Letter from the National Office of Animal
1. NOAH represents the Companies of the UK which
Research, Licence, Manufacture and distribute animal medicines
in the UK. Our member companies supply 96 per cent of all the
animal medicines licensed for sale in the UK. Included among our
members are all the major research based international animal
2. Following our telephone conversation on 18
May, I write to record NOAH's potential interest in the above
inquiry. Although NOAH does not have within its remit the genetically
modified crops or animals which will form the major focus of this
inquiry, aspects of Biotechnology can occur in the production
of Animal medicines which are used for the prevention and treatment
of farm animals. Such uses are already highly regulated by EU
law, notably Directive 81/851 as amended, and are generally regarded
as uncontroversial and beneficial. NOAH and its members wish
that their interest should be noted, and requests that we are
advised and invited to give evidence should the inquiry be
extended into these areas.
3. The principal ways in which Biotechnology
can be applied to the development and production of animal medicines
4. With minimal fuss a number of "Biotech"
vaccines have already been introduced to the market, most notably
the first successful vaccine against Aujesky's disease in pigs.
The opportunities for gene technology in this area are very greatboth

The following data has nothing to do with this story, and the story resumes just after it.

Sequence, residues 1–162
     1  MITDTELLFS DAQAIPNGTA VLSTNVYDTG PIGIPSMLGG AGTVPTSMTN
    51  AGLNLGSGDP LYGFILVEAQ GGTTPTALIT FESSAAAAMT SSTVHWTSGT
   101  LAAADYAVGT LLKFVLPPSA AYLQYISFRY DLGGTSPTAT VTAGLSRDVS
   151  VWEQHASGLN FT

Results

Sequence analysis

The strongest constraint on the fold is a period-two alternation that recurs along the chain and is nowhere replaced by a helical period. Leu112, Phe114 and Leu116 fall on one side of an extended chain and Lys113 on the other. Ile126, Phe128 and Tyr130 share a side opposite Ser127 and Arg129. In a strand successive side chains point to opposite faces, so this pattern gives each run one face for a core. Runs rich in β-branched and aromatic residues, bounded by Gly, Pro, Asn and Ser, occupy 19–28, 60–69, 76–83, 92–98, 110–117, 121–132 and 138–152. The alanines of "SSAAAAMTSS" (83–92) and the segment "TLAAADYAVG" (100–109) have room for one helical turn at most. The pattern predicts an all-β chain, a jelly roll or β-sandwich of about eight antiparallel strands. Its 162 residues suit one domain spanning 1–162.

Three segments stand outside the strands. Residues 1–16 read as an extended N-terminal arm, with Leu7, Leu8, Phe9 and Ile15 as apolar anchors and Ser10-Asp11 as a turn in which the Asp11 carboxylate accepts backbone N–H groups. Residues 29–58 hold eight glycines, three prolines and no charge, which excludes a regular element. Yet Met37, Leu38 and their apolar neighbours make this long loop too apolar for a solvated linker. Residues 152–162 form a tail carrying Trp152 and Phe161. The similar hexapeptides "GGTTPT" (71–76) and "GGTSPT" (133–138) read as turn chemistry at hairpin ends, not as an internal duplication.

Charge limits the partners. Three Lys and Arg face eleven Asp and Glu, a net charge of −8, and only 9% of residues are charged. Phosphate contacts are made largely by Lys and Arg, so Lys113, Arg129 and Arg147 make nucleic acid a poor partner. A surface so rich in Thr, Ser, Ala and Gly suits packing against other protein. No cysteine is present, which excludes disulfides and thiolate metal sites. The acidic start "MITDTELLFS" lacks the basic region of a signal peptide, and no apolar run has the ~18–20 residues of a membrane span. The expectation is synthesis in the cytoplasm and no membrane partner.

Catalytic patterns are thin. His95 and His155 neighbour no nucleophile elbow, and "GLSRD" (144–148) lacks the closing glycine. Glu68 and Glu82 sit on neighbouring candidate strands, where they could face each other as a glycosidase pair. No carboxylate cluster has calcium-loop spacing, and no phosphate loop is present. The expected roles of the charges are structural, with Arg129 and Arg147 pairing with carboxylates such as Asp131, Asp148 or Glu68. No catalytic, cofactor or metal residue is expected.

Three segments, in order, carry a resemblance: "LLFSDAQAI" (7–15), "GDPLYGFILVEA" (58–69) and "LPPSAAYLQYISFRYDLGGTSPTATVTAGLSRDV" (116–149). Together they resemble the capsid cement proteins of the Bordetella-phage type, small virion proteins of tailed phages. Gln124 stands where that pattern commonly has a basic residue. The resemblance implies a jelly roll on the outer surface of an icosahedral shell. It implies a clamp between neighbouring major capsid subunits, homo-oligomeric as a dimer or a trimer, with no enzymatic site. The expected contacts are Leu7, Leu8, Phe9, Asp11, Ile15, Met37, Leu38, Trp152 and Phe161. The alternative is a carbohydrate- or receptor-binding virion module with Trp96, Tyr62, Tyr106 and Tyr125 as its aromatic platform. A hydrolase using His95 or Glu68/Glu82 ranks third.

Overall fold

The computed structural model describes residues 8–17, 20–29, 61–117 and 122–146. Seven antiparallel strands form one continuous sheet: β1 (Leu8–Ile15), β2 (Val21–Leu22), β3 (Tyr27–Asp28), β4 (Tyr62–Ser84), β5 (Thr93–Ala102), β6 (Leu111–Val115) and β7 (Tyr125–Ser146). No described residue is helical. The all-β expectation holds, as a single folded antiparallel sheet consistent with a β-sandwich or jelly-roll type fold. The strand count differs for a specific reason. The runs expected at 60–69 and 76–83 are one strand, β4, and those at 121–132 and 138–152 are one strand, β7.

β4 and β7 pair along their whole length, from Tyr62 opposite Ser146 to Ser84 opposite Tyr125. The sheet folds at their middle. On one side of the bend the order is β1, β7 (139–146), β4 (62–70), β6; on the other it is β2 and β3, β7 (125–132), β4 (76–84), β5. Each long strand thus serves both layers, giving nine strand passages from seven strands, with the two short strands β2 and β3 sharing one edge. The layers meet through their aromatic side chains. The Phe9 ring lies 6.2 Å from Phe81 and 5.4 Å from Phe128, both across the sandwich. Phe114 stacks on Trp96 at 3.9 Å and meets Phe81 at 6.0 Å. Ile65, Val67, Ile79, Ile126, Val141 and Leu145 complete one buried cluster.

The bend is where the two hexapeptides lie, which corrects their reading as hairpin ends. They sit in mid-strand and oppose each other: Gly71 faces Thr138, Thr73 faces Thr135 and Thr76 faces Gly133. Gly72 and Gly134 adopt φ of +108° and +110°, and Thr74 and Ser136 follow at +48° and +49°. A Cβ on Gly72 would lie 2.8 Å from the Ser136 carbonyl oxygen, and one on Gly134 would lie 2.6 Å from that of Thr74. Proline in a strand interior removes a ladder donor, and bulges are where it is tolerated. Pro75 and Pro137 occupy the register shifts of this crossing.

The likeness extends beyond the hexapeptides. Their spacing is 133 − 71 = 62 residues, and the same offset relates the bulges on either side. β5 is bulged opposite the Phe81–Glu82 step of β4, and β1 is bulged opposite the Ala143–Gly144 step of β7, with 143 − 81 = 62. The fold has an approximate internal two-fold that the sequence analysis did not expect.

to provide vaccines for diseases resistant to conventional vaccine
technology, and longer-term, to provide replacements for existing
chemical therapies. It is already forecast, for example, that
Biotechnology could enable the development of vaccines to replace
chemical wormers and even to protect sheep from scab. The potential
benefits in terms of convenience, operator and environmental safety
More efficient production of medicines
5. It is already the case that many traditional
antibiotics are produced using cultures where the parent organisms
have been genetically enhanced to provide higher production levels
and less waste. The resulting antibiotic is no different but the
costs are contained.
BST provides another examplewhatever
one's views on the product, the fact is that biotechnology provided
the ability to manufacture a chemical compound which could not
be manufactured by conventional chemistry. Human insulin is perhaps
a less controversial example enabling necessary medicine to be
produced cheaply in large quantities, without the risks inherent
in extracting the product from animal (or human) cadavers.
Biotechnology can also be employed to improve
production of medicine ingredients, such as glucose which is produced
using enzymes developed by Biotechnology.
6. With the concerns over potential resistance
to existing antibiotics, genome technology is already providing
the prospect of a new generation of antibiotics specifically targeted
to by-pass the resistance mechanisms of pathogens. 77777While
the initial benefits will be for human medicine, longer term the
techniques will also be applied to animal diseases. In the meantime
success in counter developing such products to resistance in human
disease will undoubtedly reduce the pressure on necessary antibiotic
use in agriculture.
7. Although such products are not strictly regarded
as "medicines", better, more precise and hence more
effective treatment of disease depends on correct diagnosis. Furthermore
control of residues in food, cheaply and easily, can be assisted
at farm and manufacturing level by the availability of simple
and accurate testing systems.
Biotechnology is already being used to develop
testing "kits" which will enable the more discerning
use of medicines and the checking of produce.
Mr Roger R Cook
19 May 1998